starlady: Remy from the movie Ratatouille sniffing herbs for a stew (cooking)
Crunchy Vietnamese Cabbage Salad with Pan-Seared Tofu - I failed to sear the tofu properly, and gave myself a nasty grease burn in the process, but the salad kept fairly well and it was pretty darn tasty. I could eat cabbage basically forever, though I might use a bit of red cabbage for color next time.

Apple Tofu Spinach Salad - This was something of an adventure, and I will note that though it was good the first night hot it was actually much better the next day cold - the flavors were much better meshed and the roasted garlic came out much better.

Pasta with Garlicky Broccoli Rabe - This is really tasty, and it's great bang for the buck in terms of effort. It takes 20 minutes, literally ten of which are spent standing around waiting for the pasta water to boil. I will note that my bunch of broccoli rabe was over a pound, and I could easily have done with even more broccoli rabe in the finished product. Nom.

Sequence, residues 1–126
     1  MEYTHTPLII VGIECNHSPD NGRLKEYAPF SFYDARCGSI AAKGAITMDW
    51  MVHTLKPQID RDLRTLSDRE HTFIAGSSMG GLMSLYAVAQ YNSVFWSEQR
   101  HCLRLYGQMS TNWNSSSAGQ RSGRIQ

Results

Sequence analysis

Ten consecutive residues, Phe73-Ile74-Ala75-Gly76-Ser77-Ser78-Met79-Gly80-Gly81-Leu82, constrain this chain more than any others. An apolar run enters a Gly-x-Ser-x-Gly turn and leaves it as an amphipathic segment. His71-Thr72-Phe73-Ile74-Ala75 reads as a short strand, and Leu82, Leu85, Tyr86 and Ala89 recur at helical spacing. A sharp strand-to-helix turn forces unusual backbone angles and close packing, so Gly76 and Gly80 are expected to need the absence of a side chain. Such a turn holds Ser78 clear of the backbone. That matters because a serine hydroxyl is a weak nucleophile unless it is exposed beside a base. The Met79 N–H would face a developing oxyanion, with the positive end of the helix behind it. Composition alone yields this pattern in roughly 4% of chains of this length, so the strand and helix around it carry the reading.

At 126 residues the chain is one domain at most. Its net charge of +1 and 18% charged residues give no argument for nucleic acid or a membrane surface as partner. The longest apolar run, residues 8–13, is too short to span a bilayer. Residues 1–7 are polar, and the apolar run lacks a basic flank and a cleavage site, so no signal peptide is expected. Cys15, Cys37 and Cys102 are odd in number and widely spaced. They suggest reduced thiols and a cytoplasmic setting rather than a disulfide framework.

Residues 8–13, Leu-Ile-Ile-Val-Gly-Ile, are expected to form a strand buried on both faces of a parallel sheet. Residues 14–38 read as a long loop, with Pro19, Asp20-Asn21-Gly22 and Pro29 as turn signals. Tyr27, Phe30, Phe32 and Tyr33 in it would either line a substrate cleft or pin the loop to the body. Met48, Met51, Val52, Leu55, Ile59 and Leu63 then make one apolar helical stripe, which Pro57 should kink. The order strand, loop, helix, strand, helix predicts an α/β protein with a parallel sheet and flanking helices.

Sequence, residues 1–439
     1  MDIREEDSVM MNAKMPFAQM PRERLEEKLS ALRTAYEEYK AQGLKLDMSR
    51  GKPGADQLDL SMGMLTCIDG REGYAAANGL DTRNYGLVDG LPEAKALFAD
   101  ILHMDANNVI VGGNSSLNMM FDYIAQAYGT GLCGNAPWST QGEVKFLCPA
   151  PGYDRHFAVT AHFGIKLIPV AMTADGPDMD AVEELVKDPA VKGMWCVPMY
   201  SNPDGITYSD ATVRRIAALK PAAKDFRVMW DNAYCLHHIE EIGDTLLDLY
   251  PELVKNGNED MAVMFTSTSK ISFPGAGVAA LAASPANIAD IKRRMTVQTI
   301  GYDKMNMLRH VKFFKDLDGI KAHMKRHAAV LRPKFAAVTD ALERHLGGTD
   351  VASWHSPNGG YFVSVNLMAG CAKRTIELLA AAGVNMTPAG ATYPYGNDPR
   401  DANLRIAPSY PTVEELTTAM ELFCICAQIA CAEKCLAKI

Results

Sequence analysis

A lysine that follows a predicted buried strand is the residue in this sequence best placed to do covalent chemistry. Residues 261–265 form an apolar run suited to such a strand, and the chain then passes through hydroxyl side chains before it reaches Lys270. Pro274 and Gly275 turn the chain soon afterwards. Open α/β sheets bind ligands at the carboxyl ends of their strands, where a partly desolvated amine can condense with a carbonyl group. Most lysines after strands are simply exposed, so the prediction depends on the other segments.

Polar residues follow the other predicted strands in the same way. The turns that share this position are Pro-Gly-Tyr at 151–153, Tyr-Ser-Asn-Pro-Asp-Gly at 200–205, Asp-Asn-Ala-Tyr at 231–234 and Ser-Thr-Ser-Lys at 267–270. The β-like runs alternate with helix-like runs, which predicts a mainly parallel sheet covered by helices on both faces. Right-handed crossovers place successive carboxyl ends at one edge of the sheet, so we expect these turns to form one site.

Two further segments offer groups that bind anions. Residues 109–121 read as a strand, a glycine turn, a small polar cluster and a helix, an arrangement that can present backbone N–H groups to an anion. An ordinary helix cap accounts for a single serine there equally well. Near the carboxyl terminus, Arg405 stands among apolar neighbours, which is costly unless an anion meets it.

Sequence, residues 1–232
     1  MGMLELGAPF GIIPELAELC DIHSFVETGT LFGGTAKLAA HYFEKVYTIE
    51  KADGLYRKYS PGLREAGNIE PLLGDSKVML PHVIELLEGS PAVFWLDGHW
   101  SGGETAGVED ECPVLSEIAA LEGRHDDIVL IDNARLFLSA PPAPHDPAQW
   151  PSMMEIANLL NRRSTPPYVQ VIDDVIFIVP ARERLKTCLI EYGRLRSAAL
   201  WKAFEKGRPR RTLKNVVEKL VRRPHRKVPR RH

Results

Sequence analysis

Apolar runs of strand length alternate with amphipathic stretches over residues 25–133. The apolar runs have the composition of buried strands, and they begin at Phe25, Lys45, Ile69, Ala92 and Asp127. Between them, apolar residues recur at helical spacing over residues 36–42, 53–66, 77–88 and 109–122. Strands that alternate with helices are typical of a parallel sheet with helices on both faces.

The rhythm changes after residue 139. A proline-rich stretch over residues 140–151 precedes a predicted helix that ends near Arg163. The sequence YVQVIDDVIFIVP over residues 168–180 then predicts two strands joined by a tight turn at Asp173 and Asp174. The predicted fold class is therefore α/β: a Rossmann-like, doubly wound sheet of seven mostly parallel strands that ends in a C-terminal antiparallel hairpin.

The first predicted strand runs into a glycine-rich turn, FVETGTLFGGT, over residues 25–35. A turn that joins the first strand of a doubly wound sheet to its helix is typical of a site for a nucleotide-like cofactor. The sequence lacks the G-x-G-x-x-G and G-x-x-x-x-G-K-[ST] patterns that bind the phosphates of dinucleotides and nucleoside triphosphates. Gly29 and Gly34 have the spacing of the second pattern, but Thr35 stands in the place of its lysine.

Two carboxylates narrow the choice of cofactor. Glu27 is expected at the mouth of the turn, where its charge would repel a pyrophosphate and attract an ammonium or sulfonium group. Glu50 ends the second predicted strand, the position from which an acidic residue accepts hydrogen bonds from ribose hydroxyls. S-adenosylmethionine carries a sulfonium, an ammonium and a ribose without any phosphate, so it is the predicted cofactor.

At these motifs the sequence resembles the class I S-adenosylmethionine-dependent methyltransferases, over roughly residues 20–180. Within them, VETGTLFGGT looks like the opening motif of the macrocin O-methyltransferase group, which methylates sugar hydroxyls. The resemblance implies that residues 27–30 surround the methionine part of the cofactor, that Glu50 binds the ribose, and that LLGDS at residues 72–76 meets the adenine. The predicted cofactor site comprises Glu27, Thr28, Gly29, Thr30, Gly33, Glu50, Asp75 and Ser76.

Best Chocolate Chip Cookies - [personal profile] epershand and I made these last night, and I think they're actually better fully cooled in some respects. My roommates noted approvingly that they tasted like cookie dough, which I suspect is because we added a touch more vanilla than the recipe calls for. All that said, they're too sweet for my personal taste.


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March 2019